December 29, 2008

Female circumcision prevalent in Kurdistan

Female circumcision is widespread in Iraq's Kurdistan region, despite it having what is considered a more progressive society, women's advocacy groups say.

A study this year indicates more than 60 percent of women in Kurdish areas of northern Iraq have been circumcised, and in at least one territory 95 percent of women have undergone the ritual, The Washington Post reported Monday.

The practice -- involving the removal of external female genitalia -- and the Kurdish Parliament's refusal to ban it, point up the plight of women in the region, say advocacy groups, which call it female genital mutilation.

When the Kurdish people were fighting for our independence, women participated as full members in the underground resistance, said Pakshan Zangana, leader of the women's committee in the Kurdish Parliament. But now that we have won our freedom, the position of women has been pushed backward and crimes against us are minimized.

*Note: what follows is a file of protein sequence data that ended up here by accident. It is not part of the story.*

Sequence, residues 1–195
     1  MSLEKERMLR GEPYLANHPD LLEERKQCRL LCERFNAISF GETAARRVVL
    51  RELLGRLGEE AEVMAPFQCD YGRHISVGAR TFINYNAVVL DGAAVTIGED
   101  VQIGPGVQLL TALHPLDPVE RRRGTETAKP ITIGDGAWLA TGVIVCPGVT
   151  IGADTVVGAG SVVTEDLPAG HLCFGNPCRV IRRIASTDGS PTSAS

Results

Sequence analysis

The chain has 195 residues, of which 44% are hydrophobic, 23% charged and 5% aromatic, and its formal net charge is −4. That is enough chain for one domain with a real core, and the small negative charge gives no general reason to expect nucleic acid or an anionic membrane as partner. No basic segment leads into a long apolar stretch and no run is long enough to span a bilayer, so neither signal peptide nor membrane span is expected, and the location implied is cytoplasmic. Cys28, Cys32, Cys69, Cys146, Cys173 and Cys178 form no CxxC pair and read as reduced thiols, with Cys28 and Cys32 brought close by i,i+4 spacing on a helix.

Zangana has been lobbying for a law in the semi-autonomous Kurdistan that would impose jail terms on those who perform or facilitate female circumcision. But the legislation has stalled for nearly a year, in part because of what women's advocates believe is reluctance by senior Kurdish leaders to shine a spotlight on the custom.

Supporters told the Post the practice has been a ritual in their culture for generations and is based on sayings attributed to Muhammad. Supporters also said the practice controls a woman's sexual desires and it makes her spiritually clean so that others may eat meals she prepares.